Farm Ireland
Independent.ie

Monday 23 October 2017

How reseeding helped this beef farmer double his stock numbers

Michael Ryan
Michael Ryan

Gordon Peppard

SINCE joining the Teagasc Green Acres Calf to Beef programme, Michael Ryan has doubled the numbers of calves reared and slaughtered from his farm. Carrying higher stock numbers on the same area of land requires more grass.

Michael now reseeds about 10pc of his farm each year. The new grass allows him to increase the carrying capacity of his farm and greatly improve the grass quality.

MICHAEL’S 10 POINT PLAN FOR RESEEDING

1. Identify fields for reseeding Poor performing fields should be targeted. Grass measuring or counting the number of grazing on a particular field in the previous year can give a very good idea as to which field are not producing the same as their counterparts. There was a big difference in grass grown and number of grazing’s on paddocks across the farm, low yielding paddocks tended to occur where the perennial ryegrass had fallen below 40-50pc of the sward.

2. When should I reseed? Depending on weather, Michael prefers to reseed in April/early May. There is a shorter turnaround time and conditions are more favourable for germination and establishment. Once the grass has emerged, there are more opportunities to apply a post emergence spray to control docks etc and also the chance to get a light grazing to promote better tillering is possible.

3. Soil test Having a recent soil test of the area that you plan to reseed is very important. Reseeding is a costly operation and everything needs to be right for the grass seed to flourish. Michael has an up to date soil test for phosphorus, potassium and pH at a minimum.

Plans: Michael Ryan is aiming to rear and finish approximately 90 Angus cattle per annum on his farm in Co Westmeath
Plans: Michael Ryan is aiming to rear and finish approximately 90 Angus cattle per annum on his farm in Co Westmeath

4. Spraying off the field The old permanent pasture is always sprayed off with a glyphosate spray. After seven to 10 days, he either grazes or mows the old sward to remove thrash.

5. Decide on method of reseeding All methods are effective when carried out correctly and a fine firm seedbed provided. Nowadays, he tends towards the minimum cultivation techniques. The ground is heavy disked twice and then sown with a one pass. Keeping soil disturbance to a minimum where the most fertile soil is kept at ground level and this ground can also better support machinery and stock for the first grazing.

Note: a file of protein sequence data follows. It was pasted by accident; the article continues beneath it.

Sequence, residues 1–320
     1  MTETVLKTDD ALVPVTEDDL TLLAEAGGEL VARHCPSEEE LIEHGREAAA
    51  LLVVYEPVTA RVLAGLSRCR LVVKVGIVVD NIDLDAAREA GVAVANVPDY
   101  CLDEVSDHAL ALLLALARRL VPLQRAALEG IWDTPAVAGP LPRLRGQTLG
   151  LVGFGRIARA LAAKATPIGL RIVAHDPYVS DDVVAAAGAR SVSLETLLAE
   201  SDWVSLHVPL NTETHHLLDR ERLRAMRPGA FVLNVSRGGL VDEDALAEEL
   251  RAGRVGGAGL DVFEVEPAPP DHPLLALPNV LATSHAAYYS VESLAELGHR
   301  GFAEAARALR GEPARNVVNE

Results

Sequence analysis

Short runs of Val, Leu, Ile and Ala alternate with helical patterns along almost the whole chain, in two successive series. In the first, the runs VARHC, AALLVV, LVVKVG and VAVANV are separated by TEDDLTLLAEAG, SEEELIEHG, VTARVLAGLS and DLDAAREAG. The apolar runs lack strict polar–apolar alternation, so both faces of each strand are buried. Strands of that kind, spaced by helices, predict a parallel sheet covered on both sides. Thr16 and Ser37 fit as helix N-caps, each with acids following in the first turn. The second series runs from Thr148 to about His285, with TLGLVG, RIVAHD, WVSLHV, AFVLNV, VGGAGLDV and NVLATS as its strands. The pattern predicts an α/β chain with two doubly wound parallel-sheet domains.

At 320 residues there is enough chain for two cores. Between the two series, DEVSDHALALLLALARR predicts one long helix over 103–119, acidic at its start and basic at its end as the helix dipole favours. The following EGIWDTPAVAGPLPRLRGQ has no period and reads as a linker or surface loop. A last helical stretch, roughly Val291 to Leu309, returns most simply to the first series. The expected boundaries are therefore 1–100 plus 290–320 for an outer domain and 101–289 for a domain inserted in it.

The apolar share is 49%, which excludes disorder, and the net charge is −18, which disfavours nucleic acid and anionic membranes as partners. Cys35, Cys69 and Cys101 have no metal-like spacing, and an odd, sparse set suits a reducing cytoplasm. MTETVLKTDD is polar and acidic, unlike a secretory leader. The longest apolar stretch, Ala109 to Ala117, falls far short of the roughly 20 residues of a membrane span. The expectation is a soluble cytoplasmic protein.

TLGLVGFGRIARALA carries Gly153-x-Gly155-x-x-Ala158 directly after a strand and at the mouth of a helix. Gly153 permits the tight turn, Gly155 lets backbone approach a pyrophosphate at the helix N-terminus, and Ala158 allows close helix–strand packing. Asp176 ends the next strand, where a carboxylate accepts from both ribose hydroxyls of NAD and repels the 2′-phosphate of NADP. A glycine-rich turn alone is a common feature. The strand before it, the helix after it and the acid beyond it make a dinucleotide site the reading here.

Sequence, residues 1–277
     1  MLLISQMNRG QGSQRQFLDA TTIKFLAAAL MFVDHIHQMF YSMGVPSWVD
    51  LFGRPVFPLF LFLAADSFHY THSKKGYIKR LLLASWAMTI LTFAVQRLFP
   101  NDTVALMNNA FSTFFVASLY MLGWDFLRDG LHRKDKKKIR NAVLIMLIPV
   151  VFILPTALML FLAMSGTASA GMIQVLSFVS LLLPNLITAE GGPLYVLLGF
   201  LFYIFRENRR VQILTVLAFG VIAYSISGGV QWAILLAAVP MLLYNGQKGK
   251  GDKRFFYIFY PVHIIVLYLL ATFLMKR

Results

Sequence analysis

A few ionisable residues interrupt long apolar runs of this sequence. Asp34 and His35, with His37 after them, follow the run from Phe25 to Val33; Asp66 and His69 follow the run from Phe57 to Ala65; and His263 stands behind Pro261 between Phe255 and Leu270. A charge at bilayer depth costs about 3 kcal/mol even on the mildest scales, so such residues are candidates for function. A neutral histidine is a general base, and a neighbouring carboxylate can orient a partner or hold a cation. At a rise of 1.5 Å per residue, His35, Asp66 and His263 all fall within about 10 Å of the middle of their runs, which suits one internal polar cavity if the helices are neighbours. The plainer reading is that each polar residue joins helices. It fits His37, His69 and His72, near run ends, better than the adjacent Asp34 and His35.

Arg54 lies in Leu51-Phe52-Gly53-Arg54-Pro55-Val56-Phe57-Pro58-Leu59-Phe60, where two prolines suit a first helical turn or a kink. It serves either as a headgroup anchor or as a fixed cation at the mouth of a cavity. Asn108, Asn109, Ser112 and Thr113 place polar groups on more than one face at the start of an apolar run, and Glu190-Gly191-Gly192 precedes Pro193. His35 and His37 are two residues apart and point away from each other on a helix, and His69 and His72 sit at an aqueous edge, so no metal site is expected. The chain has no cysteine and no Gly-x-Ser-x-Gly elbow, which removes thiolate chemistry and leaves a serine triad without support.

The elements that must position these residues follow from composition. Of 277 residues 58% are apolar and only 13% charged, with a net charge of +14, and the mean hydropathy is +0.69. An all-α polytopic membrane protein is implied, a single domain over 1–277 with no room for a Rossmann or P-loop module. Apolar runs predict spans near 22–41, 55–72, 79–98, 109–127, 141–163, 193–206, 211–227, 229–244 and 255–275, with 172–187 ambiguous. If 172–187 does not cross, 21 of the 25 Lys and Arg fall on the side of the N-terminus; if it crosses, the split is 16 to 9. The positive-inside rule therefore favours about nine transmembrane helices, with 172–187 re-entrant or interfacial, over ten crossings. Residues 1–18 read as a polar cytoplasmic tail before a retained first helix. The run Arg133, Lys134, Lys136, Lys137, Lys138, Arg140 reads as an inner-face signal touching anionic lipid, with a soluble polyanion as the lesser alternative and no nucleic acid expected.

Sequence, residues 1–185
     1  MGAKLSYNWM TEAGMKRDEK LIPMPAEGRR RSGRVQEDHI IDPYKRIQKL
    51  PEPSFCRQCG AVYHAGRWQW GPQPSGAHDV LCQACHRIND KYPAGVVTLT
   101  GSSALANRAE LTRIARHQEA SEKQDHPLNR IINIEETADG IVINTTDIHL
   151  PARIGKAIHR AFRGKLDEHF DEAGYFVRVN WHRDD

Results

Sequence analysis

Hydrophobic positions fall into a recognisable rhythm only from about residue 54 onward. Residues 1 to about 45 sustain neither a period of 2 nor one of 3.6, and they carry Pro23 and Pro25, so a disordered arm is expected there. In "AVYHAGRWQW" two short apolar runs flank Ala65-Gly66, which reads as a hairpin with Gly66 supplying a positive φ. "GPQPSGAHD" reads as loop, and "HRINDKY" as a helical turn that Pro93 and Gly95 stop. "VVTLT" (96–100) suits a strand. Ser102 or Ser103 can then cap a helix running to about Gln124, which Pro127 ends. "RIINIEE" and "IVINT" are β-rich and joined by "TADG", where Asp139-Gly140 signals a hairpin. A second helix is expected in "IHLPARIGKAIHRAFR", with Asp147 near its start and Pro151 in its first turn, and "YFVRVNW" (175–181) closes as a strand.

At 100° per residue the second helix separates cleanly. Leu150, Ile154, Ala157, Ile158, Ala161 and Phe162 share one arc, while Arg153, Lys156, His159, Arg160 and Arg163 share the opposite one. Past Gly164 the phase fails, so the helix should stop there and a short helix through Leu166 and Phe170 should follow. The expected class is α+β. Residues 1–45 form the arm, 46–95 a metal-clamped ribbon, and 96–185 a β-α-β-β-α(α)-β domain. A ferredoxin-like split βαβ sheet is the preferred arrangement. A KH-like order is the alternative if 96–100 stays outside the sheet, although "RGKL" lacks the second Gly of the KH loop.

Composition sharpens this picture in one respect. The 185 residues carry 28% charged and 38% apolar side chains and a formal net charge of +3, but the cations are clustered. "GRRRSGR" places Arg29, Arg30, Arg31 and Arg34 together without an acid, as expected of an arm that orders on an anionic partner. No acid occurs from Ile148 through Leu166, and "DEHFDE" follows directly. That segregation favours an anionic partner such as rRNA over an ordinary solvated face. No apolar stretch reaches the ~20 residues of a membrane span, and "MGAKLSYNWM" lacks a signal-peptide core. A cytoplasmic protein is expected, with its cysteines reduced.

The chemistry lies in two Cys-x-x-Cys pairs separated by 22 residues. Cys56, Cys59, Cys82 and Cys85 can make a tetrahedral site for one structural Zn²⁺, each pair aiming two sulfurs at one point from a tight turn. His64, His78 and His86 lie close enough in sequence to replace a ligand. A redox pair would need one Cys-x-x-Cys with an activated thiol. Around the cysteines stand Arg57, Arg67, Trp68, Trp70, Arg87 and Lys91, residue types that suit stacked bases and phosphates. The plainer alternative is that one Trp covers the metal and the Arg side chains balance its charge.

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6. Lime and fertiliser Irrespective of soil analysis, lime is applied at two tonnes per acre to neutralise the acids from the decaying material. Michael tries to keep thrash to a minimum when using mini till technique as it will release acids which can affect germination. Most of his fields for reseeding have been index 1 and 2 for P and K so three bags of 10/10/20 are applied at sowing. 25 units of nitrogen will be applied four to six weeks after emergence to feed the developing crop. This is generally an application of Sul CAN, but in fields with very low P and K levels, 18-6-12 will be used.

7. Choosing the correct grass seed Michael picks a mixture that is suitable for grazing but which can also be cut for silage if required. Using the Department of Agriculture’s recommended list and the Pasture Profit Index is a great help. To have a range of grass varieties, he selects a mix with four different grass cultivars plus clover. The mix used this year consists of diploid (Aberchoice and Drumbo) and tetraploid (AberGain and Dunluce) cultivars. There is 40pc tetraploids in the mix and 0.75kg clover per acre. The range of heading dates is 10 days, which is the maximum spread that he likes in a mix, ideally this would be closer to seven days. Michael’s sowing rate is 15kg of seed per acre.

8. Roll after sowing To ensure a good seed to soil contact and to help germination, Michael always rolls after sowing. During dry weather, it also helps to hold moisture in the ground and it levels the field, burying stones etc.

9. Post emergence management Depending on growth, around six weeks after sowing when the grass is at the two to three-leaf stage is the best time to control weeds. His two main target weeds are docks and chickweed if present. Docks are most successfully controlled at this stage as they haven`t yet established a good tap root. With clover in the mix he uses a clover safe product like Legumex DB plus triad or Underclear.

10. Graze low covers First grazing is done as soon as plants do not pull out of the ground. Grass will generally have a cover of 800–1 000kg (7-8cm). Grazing low covers means you can get in and out of the paddock quickly, minimising damage and promoting tillering. Avoiding cutting the new reseed for silage in the first year is critical to the long term establishment of the grass.


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